Backdrop addresses cowboy by Margaret Atwood
The male hero could be said to be portrayed in Atwood’s poem “Backdrop addresses cowboy” by the cowboy. The cowboy is a clichéd symbol of masculinity made famous by the Western film industry of America. One can immediately conjure him up, square-jawed and handsomely rugged in Stetson and spurred boots, galloping around on his trusty steed rescuing damsels in distress with whom he intends on riding off romantically into the sunset with. This is however not the cowboy that we are confronted with in the poem.
In the first stanza he is described as “starspangled” and “porcelain” which are both terms for decoration or ornament. That his grin is porcelain in line 4 shows fixedness, like a doll with a forever empty smile. This fakeness of his smile is encouraged by the assonance in “porcelain” and “grin” which seems to make the statement sound ironic which in turn makes the reader doubt the validity of that smile. This irony is enforced in the whole first stanza with the repetition of the “s” sound which begins with the alliteration on the words starspangled, sauntering, silly and continues with the words west, porcelain, cactus, wheels and string. It also brings to mind a child’s toys or games, making the cowboy seem childish, the opposite of manly which is what one would expect a hero to be. The reader is made aware that he is not a real cowboy by the title as a backdrop is a fake background for use in movies and theatre. Further theatre or movie contrivances are mentioned such as “papier-mâché cactus” in line 5 and “cardboard storefront” in line 21 which could be stage props. If his world is a stage then his existence too is fictional.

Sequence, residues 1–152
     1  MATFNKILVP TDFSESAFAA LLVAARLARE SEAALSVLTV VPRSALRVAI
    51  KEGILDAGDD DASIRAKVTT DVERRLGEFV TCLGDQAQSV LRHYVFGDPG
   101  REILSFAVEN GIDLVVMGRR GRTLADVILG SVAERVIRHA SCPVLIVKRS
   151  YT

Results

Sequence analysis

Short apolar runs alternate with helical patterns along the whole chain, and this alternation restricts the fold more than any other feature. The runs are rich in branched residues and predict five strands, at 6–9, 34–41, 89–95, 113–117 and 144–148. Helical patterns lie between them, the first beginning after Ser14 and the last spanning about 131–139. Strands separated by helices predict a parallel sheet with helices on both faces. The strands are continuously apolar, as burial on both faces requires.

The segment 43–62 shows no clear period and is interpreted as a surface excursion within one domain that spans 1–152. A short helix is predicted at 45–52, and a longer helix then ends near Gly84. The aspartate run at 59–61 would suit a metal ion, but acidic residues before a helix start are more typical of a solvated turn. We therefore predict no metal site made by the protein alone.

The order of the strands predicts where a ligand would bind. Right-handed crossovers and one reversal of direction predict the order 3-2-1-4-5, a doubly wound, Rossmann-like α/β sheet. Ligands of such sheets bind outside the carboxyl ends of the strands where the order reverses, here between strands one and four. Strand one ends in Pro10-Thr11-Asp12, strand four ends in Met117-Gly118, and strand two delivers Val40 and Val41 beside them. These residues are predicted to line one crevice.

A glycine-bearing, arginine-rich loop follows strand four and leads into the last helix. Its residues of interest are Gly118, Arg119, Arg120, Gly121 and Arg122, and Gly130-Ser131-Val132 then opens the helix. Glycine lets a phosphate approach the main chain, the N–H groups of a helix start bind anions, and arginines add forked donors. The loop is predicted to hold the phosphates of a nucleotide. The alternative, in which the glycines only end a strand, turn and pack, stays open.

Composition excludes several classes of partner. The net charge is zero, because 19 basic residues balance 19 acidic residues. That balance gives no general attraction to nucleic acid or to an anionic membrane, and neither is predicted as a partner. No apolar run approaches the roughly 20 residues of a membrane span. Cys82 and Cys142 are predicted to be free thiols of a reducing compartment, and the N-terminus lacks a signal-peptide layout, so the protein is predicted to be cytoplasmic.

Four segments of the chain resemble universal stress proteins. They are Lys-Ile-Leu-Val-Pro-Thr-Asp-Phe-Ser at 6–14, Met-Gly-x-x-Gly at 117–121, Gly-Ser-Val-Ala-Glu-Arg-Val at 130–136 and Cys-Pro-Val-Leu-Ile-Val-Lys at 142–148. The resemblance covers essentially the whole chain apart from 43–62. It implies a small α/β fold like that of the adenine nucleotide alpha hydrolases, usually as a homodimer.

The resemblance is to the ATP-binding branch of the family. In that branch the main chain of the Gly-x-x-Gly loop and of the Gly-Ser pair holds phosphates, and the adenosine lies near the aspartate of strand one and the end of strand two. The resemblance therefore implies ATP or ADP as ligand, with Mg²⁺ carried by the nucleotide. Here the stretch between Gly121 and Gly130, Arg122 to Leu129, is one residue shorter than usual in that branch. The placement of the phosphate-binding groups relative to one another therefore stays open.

However he, or the idea of him, no matter how superficial, still seems dangerous and wildly violent. Lines 7 and 8 stand on their own and are quite different from the childlike image of the decorative cowboy who tows his fake cactus behind him on a string in stanza one. Here he is...
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